(20 Nov) In October, NSW members held a physically distanced protest against the Federal Government’s destructive higher education agenda.
To be COVID-safe, the rally was limited to five groups of no more than 19 members per group. Each group had its own marshal and was physically distanced from the other groups of members. Attendees were required to wear a mask and maintain social distancing and had to register beforehand and adhere to a COVID-safe checklist. Despite all this and after extensive negotiations, NSW Police denied permits for the rally and sought an order from the NSW Supreme Court to prohibit it from taking place.
‘It’s extremely worrying that NSW police, with the apparent backing of the NSW Liberal Government, have seen COVID-19 as an opportunity to unnecessarily ban all protest,’ said NSW Division Secretary Michael Thomson. ‘We don’t need police intervention to beat this virus, we need a sensible approach that balances risk with democratic principles.’
George Newhouse, Director and Principal Solicitor of the National Justice Project, represented the NTEU in the NSW Supreme Court. He added: ‘The right to protest can be protected in a COVID-safe manner. When the NSW Government is allowing as many as 10,000 people to attend football matches in a COVID-safe way, there is no excuse to prevent citizens from expressing their freedom of speech in socially-distanced rallies.’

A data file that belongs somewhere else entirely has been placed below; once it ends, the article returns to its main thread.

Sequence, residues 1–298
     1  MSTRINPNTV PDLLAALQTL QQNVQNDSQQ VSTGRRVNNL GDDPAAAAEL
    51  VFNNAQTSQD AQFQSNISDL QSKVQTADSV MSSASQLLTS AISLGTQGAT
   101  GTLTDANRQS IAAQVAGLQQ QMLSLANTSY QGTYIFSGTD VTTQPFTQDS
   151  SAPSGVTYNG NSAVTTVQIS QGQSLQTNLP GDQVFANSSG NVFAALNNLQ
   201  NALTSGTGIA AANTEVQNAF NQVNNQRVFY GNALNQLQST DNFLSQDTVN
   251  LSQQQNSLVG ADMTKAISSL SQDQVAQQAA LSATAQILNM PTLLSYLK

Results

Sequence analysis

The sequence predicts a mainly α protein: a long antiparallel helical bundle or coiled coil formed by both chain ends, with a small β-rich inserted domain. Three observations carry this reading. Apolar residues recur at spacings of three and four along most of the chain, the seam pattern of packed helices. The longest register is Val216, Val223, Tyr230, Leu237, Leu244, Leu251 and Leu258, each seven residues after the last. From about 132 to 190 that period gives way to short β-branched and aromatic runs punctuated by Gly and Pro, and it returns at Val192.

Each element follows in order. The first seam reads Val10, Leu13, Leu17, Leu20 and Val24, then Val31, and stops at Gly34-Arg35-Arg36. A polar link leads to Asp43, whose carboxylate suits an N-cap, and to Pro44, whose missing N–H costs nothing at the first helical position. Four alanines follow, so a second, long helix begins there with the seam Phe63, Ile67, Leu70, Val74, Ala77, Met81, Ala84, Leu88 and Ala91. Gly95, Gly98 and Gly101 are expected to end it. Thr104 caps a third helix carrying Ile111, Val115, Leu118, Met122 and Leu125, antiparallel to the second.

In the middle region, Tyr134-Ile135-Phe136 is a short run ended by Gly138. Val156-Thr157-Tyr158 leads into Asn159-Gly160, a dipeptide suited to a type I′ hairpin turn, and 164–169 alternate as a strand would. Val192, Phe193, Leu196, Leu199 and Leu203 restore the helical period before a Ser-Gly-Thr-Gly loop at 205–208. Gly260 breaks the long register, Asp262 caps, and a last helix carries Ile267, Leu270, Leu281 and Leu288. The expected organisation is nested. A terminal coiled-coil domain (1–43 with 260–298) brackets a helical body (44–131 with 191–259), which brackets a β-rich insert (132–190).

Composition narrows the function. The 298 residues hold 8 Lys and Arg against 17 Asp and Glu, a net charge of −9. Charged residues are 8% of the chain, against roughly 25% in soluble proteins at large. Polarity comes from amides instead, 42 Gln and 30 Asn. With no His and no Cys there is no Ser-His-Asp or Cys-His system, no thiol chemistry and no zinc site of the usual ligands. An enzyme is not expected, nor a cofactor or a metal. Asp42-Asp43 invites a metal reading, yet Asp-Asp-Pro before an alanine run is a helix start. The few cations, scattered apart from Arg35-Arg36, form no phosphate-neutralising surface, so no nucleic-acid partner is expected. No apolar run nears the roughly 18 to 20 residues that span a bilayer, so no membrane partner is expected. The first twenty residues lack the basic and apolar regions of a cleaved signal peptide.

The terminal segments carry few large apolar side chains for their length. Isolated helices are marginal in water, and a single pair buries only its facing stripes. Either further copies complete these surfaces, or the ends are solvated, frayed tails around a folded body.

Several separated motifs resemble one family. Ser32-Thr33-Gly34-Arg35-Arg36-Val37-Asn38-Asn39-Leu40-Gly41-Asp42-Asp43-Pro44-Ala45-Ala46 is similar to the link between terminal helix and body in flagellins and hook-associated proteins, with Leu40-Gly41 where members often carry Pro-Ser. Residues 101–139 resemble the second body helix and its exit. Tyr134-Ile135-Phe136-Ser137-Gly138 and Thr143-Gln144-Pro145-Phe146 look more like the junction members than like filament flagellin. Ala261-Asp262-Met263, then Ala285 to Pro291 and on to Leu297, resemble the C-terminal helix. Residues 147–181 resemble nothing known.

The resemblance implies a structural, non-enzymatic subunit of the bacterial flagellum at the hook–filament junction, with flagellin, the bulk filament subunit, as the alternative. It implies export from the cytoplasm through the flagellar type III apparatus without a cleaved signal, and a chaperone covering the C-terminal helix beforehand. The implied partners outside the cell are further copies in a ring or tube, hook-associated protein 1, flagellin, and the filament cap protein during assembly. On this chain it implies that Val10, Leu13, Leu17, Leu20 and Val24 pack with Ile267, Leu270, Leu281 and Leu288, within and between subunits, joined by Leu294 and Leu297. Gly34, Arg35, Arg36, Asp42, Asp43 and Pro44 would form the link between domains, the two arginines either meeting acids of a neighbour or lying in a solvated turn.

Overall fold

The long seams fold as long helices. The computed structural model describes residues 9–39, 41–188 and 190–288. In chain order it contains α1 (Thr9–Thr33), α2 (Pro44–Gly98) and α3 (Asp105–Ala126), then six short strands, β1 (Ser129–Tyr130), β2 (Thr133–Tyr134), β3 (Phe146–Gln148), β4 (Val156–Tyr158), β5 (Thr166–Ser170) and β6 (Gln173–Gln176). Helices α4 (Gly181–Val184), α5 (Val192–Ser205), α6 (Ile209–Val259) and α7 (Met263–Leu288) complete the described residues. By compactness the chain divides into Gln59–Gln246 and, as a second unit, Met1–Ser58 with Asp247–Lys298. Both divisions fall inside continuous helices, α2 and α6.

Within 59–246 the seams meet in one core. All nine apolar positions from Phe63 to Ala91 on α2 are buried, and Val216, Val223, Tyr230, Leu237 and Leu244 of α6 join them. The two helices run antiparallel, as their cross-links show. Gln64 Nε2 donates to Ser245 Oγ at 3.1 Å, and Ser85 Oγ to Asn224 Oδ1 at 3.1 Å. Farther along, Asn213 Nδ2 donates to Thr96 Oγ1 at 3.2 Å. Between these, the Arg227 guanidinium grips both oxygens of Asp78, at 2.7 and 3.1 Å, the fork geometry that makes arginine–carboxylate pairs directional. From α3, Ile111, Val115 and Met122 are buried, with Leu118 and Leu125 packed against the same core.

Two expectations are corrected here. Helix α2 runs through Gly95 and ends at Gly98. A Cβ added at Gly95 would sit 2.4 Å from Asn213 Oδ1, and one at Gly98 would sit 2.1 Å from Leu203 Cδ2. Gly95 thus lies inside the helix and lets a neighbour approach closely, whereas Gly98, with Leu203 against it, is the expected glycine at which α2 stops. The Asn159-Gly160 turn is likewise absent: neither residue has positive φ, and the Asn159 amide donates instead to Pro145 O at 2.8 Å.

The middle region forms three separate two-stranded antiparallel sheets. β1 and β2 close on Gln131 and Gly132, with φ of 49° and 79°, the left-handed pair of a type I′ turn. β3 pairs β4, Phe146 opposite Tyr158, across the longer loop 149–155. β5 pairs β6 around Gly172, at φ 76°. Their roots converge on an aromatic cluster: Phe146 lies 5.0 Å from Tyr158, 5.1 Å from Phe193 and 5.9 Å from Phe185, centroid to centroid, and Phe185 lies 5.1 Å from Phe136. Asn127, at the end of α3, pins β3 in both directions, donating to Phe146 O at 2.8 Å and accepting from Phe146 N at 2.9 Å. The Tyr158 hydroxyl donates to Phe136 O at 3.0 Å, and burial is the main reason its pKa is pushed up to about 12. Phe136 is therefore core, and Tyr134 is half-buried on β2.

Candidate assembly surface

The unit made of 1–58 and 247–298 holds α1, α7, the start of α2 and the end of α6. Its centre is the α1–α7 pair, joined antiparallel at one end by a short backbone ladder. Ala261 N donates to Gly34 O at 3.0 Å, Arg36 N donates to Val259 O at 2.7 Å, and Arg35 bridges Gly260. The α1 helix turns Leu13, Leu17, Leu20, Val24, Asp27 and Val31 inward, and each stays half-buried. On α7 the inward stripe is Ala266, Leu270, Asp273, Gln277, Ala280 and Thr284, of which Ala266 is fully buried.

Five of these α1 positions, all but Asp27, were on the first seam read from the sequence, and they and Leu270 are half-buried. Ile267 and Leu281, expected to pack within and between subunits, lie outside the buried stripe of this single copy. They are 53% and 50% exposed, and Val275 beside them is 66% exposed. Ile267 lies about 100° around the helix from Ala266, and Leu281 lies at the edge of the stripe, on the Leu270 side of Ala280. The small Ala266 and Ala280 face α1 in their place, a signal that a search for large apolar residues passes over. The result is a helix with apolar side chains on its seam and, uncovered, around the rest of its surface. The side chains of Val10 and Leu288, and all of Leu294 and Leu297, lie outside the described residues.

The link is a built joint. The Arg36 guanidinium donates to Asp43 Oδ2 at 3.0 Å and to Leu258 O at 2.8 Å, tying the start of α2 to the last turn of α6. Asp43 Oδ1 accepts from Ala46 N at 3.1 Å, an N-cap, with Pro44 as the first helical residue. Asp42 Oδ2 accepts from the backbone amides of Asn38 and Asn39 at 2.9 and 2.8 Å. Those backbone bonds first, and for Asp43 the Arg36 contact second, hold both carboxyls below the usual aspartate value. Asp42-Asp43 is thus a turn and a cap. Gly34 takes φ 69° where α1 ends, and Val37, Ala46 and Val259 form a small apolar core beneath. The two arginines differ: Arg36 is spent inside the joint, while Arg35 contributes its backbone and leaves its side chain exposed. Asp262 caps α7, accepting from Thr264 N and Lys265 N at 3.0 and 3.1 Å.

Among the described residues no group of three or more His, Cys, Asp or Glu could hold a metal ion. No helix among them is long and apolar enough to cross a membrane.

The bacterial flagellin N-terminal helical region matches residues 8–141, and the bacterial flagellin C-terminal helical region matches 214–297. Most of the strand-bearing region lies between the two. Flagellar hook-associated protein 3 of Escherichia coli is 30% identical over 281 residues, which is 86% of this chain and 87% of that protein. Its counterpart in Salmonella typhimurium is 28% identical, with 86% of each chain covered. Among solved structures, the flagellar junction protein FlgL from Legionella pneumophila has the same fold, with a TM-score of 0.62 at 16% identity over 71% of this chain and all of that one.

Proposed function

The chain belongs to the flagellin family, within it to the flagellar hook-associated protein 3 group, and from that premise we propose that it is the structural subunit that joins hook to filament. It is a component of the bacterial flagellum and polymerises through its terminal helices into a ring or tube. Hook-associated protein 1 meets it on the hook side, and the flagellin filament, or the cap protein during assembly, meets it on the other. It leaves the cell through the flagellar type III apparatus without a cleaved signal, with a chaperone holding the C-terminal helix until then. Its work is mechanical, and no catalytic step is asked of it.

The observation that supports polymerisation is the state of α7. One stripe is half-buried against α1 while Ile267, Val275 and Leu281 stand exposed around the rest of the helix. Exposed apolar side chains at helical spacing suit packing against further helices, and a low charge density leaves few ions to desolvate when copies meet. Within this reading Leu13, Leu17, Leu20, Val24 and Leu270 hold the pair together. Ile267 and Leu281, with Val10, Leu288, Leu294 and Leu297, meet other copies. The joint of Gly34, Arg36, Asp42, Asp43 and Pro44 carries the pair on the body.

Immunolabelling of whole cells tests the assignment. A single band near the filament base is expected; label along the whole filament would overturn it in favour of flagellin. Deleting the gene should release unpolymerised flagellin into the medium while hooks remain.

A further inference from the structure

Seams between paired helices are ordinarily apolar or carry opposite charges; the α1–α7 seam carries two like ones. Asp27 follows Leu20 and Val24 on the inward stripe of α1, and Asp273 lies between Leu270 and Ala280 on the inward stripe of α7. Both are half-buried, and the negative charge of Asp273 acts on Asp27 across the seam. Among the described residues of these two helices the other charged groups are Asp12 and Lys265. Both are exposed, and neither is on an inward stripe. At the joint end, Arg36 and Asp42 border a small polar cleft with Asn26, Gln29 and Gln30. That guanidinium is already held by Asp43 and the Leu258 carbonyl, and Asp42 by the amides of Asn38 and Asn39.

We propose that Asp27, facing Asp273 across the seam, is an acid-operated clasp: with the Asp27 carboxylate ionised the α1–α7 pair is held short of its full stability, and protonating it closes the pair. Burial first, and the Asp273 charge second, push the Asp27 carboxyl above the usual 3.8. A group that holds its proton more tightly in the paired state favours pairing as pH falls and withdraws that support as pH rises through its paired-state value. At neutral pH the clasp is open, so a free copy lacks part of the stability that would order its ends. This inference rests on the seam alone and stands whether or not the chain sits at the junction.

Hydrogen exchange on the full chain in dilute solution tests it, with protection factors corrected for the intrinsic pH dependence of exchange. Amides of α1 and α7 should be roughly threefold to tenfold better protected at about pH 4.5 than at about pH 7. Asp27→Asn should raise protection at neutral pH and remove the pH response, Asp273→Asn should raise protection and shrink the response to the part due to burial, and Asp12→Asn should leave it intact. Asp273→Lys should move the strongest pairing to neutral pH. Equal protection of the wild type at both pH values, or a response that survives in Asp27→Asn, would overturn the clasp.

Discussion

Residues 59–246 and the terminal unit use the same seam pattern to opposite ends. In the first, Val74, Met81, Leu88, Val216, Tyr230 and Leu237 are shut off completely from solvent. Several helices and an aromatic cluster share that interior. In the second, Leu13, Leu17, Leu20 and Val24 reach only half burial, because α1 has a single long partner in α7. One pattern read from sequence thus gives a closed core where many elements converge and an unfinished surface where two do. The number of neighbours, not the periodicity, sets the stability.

After a long day in court, NSW Police arguments were rejected, clearing the way for the rally to proceed. This fantastic win set a crucial precedent and only a couple of weeks later the NSW Government changed restrictions to permit rallies of up to 500 people.
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